Emerald Mountain deal looks less certain for Steamboat | SteamboatToday.com

Emerald Mountain deal looks less certain for Steamboat

Mike Lawrence

Steamboat Springs — City Council gave hesitant support Tuesday for the city’s purchase of 586 acres owned by Lyman Orton on the north side of Emerald Mountain. But the 6-1 vote essentially was cast to keep the conversation alive, and a purchase depends on a significant reduction of the contract on the table. — City Council gave hesitant support Tuesday for the city's purchase of 586 acres owned by Lyman Orton on the north side of Emerald Mountain. But the 6-1 vote essentially was cast to keep the conversation alive, and a purchase depends on a significant reduction of the contract on the table.

— City Council gave hesitant support Tuesday for the city's purchase of 586 acres owned by Lyman Orton on the north side of Emerald Mountain. But the 6-1 vote essentially was cast to keep the conversation alive, and a purchase depends on a significant reduction of the contract on the table.

Council President Cari Hermacinski cast the 'no' vote.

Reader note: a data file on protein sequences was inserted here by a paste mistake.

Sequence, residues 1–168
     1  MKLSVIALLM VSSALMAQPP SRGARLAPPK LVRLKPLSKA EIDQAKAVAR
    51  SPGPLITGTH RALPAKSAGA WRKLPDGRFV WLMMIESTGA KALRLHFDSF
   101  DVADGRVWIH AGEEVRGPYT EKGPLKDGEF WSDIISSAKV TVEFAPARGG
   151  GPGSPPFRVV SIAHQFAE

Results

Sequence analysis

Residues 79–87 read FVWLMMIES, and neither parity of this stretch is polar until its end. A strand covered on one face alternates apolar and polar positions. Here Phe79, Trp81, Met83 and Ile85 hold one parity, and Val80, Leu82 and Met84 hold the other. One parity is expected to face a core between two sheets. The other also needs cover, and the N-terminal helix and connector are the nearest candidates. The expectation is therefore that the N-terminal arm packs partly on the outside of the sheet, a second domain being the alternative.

"Even if the city were in good financial shape right now, I would not support this contract," she said. "I think this is just fraught with problems on the part of the city."

If council approves the purchase on a second reading later this month, and if a Great Outdoors Colorado grant moves forward in a Dec. 8 hearing, the city would spend $700,000 from its capital projects fund for the land.

That fund is facing significant revenue shortfalls in coming years.

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City Council's vote authorized the spending of $5,000 for an environmental impact study required by GOCo, but only if Orton agrees to revise the contract and remove the city's obligation to contribute as much as $150,000 annually for the next five years to help implement recreational and community-oriented visions for the land.

Councilman Jon Quinn said that "wonderful and beautiful vision" could be unattainable for the city amid a brutally tight budget.

"We saw some pretty grim numbers this morning," Quinn said. "We'll be subsidizing street repairs out of our general fund within two years."

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